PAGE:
“Art Paris”

“Making a dent in art history”: an interview with Oksana Salamatina

For her booth at this year’s edition of Art Paris, entitled Masculin Féminin, and inspired by Jean-Luc Godard’s 1966 film of the same name, Oksana Salamatina explores the opposing notions of fragility and strength through a diverse range of works by the artists Irina Davis, Ezio Gribaudo, Nina Levy, Nicolas Sisto, Graham Dean, Nikolai Khizhniak, and Andrei Sharov. Salamatina spoke to us about the works on show, her impressions of the fair, and her approach as a gallerist. How have you found this year’s fair so far? I think it’s a good fair and I think that it attracts an interesting public. This year’s fair is a little bit different, because last year it was focused on China and they did more installations around the Grand Palais. But I think that the quality is very good this year. Could you tell me about your inspiration for the exhibition? For this year’s exhibition, I was inspired by Godard’s film Masculin Féminin. The film deals with a lot of different issues, socially and politically, but it goes unnoticed in a way. If you look at our work, you can find a lot of interesting references. The beauty of it is that most of the work we’re showing was done especially for the fair. I didn’t give the artists specific guidelines, I simply said that I had this topic in mind, and the artists either thought about it and suggested existing works, or produced new pieces. Could you tell us about some of the artists you’ve selected for your booth? Nikolai Khizhniak is a photojournalist. He is very very talented, and this is the first time that he’s been exhibited here. When I first saw these works, I already had the theme of Masculin Féminin in mind, and I felt that they captured both a sense of fragility and vulnerability, which perhaps...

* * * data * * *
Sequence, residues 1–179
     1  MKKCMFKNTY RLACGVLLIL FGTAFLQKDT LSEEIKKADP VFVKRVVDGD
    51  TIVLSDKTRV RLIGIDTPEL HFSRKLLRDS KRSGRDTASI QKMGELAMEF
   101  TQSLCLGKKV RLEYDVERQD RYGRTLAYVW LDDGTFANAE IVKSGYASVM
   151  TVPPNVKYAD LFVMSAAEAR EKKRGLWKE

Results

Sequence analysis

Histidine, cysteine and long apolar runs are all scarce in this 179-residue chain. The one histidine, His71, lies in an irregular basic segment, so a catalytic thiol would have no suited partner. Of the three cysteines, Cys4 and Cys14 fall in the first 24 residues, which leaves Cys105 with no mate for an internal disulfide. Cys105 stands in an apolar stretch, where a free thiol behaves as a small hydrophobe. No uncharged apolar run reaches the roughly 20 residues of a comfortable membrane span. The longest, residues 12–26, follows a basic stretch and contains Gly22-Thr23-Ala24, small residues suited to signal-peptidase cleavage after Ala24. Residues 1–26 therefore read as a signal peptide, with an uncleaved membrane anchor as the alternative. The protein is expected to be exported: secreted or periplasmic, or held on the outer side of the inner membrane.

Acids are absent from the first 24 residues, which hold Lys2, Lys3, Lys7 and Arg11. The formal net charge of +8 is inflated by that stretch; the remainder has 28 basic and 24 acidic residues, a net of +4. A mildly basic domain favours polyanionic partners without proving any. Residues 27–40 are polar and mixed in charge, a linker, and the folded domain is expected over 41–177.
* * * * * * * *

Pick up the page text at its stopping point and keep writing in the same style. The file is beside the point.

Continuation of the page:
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The Caretaker at Art Paris: an interview with the Carpenters Workshop Gallery

The Carpenters Workshop is one of many who have chosen to enter Art Paris 2015 with a solo show. Characterised as a Contemporary art and Design gallery which represents emerging and established international designers, the work on display adequately evokes their foundations. Founded in 2005, their reputation has grown extensively. Acting as a keen representative of over 30 designers, The Carpenters Workshop Gallery has introduced itself to Art Paris. This is your first time at Art Paris, how is it treating you so far? It is our first time participating and so far we are doing really well. We have been enrolling ourselves in more and more art fairs every year and figured this year was the appropriate time to introduce ourselves to Art Paris. It seems like we have made the right decision because we are receiving really promising enquiries and have managed to generate a lot of interest. Our objective was to branch out and reach a broader public. In doing so, we have also achieved successful sales. We have had a very good start, let’s see how it progresses throughout the week. You are representing Atelier Van Lieshout, can you tell me a little bit about him? Atelier Van Lieshout is a multidisciplinary art collective which experiments with a diverse range of practices. They work with sculpture, design, painting and architecture, to create functional works of design-related orientation. They create under the influence of a multitude of thematics such as existentialism and philosophy and have their work in major collections, such as the Prada Foundation and the Museum of Modern Art. How would you describe their work? The work speaks for itself. It crosses over creative domains and can’t be defined by a single category. It’s almost like an act of artistic mergence; fine art, architecture and...

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An interview with Galerie Un-Spaced’s Sebastian Wickeroth at Art Paris 2015